Using Social Media to Help Your B-School Application: Advice from Admissions Directors
If you’re an MBA candidate, you should know that there’s more to an MBA application than the forms you fill out and the essays you write. In this age of social media, what you post online can have repercussions in the admissions process and on your future career.
Admissions offices at leading business schools know that most applicants maintain an online presence and will sometimes check to see what they’re posting. We recently discussed this very issue in our article, Social Media in MBA Admissions: Can Your Twitter Feed Derail Your B-School Dreams?, which focused on the results of a Kaplan Test Prep survey that reported that 35 percent of admissions officers have visited an applicant’s social media page.
So, the question becomes: “How can I make sure that my social media works for me and not against me?” We put this question to admissions officers at some of top b-schools around the country including Cornell’s Johnson Graduate School of Management, University of Texas at Austin’s McCombs School of Business, University of Michigan’s Ross School of Business, and Emory’s Goizueta Business School.
Here’s what they had to say to MBA candidates with regard to their social media presence:
Review Your Posts
Before you apply to b-school, you should review all of your social media posts, according to Julie Barefoot, the associate dean of MBA admissions at Emory Goizueta. “My advice to applicants is that you should review your social media postings with an ‘eye’ to determine if you’d want an admissions director or a recruiter to look at it—is there anything that would show you in a bad light? Is there anything that would embarrass you? Is there anything that you feel you would need to defend or explain?” she said. “If so, you should remove those inappropriate posts or photographs and/or consider changing your social media settings to private.”
Focus on LinkedIn
Another piece of advice from Barefoot was to pay particular attention to LinkedIn, where she reported that the admissions officers at Emory Goizueta spend most of their time. “We regularly review an applicant’s LinkedIn account, and I see a real ‘mixed bag’ of quality on the completeness of candidate profiles,” she explained. “I recommend that applicants make sure their LinkedIn profiles are as complete and up-to-date as possible. On occasion, an applicant will have a very sparse LinkedIn profile (no photo and the bare minimum of education and career details) and that’s unimpressive. MBA applicants should view LinkedIn as a virtual resume and make sure that their profile is accurate and complete.”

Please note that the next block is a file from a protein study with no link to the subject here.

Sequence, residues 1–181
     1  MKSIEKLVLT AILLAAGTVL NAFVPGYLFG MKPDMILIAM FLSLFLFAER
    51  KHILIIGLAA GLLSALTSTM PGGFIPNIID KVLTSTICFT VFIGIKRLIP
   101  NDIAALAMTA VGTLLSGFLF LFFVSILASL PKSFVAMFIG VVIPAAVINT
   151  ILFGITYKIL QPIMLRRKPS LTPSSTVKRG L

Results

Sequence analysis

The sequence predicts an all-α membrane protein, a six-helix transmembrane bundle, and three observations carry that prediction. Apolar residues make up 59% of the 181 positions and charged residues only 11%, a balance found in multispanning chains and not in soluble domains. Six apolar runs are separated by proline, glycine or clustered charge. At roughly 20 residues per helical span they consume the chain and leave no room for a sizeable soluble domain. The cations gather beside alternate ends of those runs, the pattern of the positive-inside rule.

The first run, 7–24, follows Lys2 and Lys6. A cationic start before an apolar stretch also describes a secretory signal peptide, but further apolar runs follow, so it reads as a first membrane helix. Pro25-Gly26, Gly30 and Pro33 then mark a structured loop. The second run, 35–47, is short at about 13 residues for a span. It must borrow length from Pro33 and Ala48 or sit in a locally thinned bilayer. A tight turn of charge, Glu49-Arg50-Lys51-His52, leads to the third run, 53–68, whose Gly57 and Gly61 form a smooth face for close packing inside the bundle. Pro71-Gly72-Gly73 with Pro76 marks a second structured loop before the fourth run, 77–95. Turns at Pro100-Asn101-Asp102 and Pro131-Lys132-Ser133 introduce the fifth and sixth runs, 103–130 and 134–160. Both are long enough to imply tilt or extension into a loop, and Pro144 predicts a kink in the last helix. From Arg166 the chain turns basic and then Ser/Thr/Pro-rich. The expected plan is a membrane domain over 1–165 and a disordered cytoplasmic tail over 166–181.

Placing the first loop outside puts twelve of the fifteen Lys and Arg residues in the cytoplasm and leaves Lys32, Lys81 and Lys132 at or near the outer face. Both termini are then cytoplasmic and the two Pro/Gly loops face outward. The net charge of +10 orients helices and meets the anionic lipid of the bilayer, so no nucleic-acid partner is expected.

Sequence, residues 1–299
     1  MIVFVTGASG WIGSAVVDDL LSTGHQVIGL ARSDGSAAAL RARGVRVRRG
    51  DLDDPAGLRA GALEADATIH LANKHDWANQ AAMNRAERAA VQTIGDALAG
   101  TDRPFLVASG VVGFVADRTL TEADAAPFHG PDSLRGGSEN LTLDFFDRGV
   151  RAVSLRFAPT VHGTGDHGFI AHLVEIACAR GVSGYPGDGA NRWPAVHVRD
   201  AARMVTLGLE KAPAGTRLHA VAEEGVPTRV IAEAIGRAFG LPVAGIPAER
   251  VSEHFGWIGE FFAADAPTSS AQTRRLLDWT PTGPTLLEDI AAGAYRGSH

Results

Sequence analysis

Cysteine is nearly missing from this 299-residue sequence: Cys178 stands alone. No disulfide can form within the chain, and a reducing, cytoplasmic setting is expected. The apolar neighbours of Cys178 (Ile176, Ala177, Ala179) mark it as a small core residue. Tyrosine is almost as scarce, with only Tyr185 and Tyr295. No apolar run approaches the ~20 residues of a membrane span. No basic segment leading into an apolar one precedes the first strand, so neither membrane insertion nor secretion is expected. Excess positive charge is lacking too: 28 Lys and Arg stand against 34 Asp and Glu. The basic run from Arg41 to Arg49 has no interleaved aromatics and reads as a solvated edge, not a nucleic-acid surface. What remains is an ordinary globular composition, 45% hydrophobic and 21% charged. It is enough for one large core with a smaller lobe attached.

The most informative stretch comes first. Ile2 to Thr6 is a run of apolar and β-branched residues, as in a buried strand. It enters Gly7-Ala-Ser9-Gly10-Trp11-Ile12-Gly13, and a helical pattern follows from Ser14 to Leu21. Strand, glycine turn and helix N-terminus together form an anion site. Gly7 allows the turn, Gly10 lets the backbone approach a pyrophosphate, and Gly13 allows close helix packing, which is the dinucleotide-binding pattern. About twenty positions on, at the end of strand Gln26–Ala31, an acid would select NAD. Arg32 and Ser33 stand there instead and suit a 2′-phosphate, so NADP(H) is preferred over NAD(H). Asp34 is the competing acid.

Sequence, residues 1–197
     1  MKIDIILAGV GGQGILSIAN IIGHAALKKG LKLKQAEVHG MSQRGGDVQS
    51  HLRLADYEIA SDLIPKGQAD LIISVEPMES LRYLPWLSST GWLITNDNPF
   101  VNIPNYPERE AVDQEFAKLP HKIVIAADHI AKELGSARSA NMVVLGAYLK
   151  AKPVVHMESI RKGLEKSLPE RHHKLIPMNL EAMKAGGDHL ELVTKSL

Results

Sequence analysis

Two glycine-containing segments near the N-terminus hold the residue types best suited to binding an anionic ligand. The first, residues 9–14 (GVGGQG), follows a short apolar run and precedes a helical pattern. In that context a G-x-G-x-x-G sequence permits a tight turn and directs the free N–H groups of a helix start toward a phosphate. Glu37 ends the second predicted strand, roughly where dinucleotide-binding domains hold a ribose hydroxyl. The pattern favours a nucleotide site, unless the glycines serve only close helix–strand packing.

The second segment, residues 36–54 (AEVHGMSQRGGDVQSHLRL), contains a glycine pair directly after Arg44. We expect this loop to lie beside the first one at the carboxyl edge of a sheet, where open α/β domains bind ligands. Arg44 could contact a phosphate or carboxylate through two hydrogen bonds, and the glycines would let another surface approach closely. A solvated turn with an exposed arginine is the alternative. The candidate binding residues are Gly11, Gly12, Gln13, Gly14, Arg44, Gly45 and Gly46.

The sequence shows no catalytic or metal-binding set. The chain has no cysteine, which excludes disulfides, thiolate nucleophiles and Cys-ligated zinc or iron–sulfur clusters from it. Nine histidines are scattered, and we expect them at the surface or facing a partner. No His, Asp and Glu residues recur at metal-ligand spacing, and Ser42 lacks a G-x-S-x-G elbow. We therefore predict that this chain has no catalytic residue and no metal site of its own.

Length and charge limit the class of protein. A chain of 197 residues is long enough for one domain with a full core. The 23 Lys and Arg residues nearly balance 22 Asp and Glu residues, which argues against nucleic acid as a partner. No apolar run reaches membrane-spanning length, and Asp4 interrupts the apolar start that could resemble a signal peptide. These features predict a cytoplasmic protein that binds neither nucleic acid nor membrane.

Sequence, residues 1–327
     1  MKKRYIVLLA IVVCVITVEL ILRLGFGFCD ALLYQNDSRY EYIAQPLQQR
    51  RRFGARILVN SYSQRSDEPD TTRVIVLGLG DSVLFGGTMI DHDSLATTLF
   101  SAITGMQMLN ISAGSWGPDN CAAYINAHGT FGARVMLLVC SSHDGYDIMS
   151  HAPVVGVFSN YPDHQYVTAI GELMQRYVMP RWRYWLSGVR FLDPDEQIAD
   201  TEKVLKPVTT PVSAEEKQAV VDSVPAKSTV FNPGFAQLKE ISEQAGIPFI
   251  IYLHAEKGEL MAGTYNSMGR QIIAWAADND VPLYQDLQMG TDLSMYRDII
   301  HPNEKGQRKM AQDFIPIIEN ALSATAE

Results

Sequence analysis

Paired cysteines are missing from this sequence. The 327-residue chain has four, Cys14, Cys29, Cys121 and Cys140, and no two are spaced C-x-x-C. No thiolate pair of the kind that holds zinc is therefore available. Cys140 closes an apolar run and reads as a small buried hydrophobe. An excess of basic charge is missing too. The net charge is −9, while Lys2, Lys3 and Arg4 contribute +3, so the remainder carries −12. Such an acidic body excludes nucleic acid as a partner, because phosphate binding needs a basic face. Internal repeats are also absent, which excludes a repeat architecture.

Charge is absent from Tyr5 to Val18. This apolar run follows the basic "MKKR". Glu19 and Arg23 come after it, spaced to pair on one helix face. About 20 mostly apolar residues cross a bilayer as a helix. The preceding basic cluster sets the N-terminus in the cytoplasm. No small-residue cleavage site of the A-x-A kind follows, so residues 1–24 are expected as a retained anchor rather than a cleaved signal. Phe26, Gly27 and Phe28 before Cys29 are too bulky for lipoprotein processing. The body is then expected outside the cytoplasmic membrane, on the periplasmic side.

Don’t Post Anything You Don’t Want Seen
“Don’t post anything you wouldn’t want the adcom to see,” said Soojin Kwon, managing director of full-time MBA admissions and student experience at the University of Michigan Ross School of Business. “Given that applicants are applying to business school, we recommend that they have some sort of presence on LinkedIn. While it won’t necessarily impact their admission to our program, corporate recruiters often use the platform, and it’s good to see the applicants have started developing their professional profiles. [At Ross,] they’ll also have to create a LinkedIn profile during orientation, so creating a profile as a prospective student gives them a head start.”
See Social Media as an Asset
Rodrigo Malta, the director of admissions for the MBA program at the McCombs School of Business, encourages MBA candidates to look at social media as an asset they can use to improve their application.
“Social media is a good way for schools to get to know applicants outside of the formal admissions process,” he said. “I believe prospective students should see social media as an asset in the application process and thoughtfully leverage opportunities for engagement with the programs they are considering for an MBA. However, given the amount of visibility of social media channels, individuals should always demonstrate good judgment when engaging with the school and their social network in the virtual world.”
Judi Byers, the executive director of admissions & financial aid at Cornell’s Johnson Graduate School of Management, agrees. “Your Facebook, Twitter, and/or Instagram profiles help to convey who you are as an individual as well as your interests and perspectives,” she said. “This is important as it provides further context related to how you might fit with our community. Connecting on these platforms provides a way to share relevant information, and more importantly, connect you to our students and alumni who are also using social media to share their experiences as well as the amazing things they’ve been able to accomplish.”
Finally, just as it’s vital to share your true self in your application, the same can be said of your social media presence. “Mind your hashtags and own your presence,” advised Byers. “Authenticity is powerful though you cannot control how you or your posts will be perceived or interpreted by others. Hashtags were invented to connect individuals to topics and discussions—when deciding when to post or use a hashtag, make sure you think through what you want to convey and how it might be received by everyone else who is also looking at the post and activity connected to that hashtag.”